though photography is often called ‘painting with light’, in actual fact it
would be just as good to call it ‘painting with dark!’ Shadow is just as
important, if not more so than brightness.
At the start of your indulging in the hobby of photography, the biggest
mistake is too much ‘light’, not too little. With automatic flashes that pop
up out of the camera, and others that come on as soon as the sensor decides
it is getting too dark, it is difficult as a raw novice not to have shots
that are very bright and absolutely bathed in light. Unfortunately, this is
not the best way to show shape, form or evoke an air of mystery.
Undoubtedly the subject will now be well lit, but you have also removed
shape and form from the photograph. You see, the way to convey shape is by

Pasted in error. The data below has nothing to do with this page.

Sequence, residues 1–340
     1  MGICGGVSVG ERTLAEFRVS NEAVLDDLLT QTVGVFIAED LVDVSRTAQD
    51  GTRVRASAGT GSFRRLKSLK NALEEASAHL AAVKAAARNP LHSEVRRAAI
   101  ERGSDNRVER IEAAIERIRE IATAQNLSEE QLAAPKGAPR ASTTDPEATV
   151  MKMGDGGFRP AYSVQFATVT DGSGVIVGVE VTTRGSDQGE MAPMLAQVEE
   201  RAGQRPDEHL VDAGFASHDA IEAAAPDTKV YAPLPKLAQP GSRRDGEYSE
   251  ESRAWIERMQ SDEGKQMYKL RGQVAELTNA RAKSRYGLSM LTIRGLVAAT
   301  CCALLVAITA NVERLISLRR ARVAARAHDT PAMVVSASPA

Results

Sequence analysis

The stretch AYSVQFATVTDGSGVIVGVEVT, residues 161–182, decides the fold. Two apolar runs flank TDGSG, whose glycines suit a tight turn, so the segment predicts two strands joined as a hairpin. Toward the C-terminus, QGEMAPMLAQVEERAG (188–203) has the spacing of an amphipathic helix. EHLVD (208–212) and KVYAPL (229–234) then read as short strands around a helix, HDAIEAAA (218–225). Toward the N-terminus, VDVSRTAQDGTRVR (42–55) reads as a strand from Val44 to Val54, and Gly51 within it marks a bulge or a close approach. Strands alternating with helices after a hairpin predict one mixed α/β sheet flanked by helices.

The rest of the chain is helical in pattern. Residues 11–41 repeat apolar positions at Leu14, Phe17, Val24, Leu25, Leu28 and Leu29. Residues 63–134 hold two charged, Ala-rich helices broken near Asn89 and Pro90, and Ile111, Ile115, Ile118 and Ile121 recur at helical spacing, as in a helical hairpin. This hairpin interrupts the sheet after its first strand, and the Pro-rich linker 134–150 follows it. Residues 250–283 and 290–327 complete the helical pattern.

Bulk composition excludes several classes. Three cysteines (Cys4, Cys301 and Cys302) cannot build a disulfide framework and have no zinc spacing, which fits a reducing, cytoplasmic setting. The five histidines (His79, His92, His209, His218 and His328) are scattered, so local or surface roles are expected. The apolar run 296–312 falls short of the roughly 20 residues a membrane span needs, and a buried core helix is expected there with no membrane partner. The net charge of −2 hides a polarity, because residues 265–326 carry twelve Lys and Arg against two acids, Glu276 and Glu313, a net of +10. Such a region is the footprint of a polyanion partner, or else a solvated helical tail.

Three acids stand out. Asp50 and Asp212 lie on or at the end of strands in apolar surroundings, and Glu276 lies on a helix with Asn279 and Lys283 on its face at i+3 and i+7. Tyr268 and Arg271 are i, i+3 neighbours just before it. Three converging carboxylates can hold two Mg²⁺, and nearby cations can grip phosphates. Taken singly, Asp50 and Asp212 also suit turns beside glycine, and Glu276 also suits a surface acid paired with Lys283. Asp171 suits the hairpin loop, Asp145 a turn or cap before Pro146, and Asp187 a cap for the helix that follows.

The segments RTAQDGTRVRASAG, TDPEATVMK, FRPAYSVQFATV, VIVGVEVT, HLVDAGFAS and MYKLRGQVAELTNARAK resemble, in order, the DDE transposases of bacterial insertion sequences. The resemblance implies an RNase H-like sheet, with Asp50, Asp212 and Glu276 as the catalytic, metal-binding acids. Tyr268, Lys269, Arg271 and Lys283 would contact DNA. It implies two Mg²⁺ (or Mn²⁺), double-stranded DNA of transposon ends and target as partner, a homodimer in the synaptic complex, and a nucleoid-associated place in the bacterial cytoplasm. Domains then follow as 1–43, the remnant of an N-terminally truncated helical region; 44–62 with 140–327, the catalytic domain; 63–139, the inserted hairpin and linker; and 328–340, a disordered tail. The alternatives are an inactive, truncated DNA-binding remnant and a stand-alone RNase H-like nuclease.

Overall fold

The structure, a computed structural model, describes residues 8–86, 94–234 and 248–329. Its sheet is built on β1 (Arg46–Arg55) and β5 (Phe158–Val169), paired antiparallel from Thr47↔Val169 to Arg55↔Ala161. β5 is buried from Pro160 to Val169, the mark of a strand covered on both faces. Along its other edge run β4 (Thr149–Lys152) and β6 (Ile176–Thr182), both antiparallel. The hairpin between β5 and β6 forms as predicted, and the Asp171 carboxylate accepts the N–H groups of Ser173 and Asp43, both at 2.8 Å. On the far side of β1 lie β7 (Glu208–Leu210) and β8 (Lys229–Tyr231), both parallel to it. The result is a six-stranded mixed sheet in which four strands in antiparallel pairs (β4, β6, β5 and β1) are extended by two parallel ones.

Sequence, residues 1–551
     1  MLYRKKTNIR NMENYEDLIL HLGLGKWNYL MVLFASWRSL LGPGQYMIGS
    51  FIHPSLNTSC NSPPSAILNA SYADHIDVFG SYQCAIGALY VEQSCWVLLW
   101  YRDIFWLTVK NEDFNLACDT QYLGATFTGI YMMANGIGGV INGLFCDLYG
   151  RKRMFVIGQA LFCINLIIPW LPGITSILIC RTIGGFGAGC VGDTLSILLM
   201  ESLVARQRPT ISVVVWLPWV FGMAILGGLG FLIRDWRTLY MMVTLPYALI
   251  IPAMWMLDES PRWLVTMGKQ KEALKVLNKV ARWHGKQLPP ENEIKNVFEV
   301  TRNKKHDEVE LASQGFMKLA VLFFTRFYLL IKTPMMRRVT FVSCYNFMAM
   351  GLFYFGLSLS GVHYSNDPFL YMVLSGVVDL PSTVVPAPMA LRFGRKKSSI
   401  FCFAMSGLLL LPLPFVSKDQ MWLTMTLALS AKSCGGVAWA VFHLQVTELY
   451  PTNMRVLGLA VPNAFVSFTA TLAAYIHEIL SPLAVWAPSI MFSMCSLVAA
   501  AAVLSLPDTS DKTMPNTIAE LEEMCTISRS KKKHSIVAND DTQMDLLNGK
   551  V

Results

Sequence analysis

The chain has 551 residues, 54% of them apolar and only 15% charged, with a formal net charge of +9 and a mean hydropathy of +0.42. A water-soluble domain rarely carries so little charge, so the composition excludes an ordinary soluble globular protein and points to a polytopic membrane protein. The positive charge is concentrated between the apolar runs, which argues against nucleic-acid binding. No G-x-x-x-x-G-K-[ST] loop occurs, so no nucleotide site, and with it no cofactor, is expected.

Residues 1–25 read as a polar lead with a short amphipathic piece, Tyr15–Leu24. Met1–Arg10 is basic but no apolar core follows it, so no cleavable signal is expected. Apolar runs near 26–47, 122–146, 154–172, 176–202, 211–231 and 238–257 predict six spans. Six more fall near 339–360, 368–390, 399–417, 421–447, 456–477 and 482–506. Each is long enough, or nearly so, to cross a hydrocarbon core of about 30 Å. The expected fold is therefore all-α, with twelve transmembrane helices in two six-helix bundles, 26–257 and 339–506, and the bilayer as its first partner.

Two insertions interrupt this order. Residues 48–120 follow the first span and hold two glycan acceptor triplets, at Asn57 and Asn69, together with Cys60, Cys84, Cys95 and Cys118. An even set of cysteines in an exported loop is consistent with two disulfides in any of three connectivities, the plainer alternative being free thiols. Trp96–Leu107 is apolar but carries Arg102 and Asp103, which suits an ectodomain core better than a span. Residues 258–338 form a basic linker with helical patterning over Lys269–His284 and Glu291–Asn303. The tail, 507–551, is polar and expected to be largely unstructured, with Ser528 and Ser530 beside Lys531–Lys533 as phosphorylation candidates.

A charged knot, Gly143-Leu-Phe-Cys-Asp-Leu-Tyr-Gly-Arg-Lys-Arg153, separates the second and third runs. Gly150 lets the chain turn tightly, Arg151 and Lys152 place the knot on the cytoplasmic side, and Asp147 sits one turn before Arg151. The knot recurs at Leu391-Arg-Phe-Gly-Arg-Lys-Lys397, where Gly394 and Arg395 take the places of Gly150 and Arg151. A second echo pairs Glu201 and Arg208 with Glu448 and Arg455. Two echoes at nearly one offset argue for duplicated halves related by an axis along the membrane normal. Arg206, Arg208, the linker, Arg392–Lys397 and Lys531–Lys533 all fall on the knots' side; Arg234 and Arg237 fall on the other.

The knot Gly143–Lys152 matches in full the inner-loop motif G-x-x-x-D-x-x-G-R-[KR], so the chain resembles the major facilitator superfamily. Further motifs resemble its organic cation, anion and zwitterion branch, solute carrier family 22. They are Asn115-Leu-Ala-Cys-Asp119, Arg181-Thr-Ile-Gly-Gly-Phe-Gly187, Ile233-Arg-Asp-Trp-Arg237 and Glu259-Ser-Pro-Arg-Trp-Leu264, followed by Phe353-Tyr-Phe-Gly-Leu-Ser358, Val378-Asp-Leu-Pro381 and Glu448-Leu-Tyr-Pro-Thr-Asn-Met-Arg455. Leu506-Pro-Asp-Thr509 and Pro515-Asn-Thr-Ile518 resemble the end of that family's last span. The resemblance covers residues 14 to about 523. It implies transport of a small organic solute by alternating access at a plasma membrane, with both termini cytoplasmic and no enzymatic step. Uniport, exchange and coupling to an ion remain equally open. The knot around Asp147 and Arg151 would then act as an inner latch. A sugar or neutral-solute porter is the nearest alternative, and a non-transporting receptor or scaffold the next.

showing the shadow the object casts. No shadow and it looks flat.
Incorporate shadow and “Hey Presto!” you have invented 3D.
Shadow has another benefit - it gives an air of mystery to any picture. Dark
shadows allow the viewer to imagine what is being hidden. Your photograph
“hints” at something and the viewer’s mind does the rest from there.
My first proper studio I painted all white. The light levels were fantastic,
until I began to see that I was lacking shadow. Adding shadow (or taking
away light) is very difficult, and I never made that mistake again.
My next studio was painted all black, and it was so much better. The final
images had plenty of form and mystery.
So now, let’s put some shadows into your photographs with a portrait to
paint with dark. And let’s do this indoors and without flash guns or any
fancy equipment, and get a ‘professional’ look to the final print.
Find the largest window in your house or condominium and put a chair about
one meter away from it. The chair should be parallel to the window, not
Place your sitter in the chair and position another chair facing the sitter.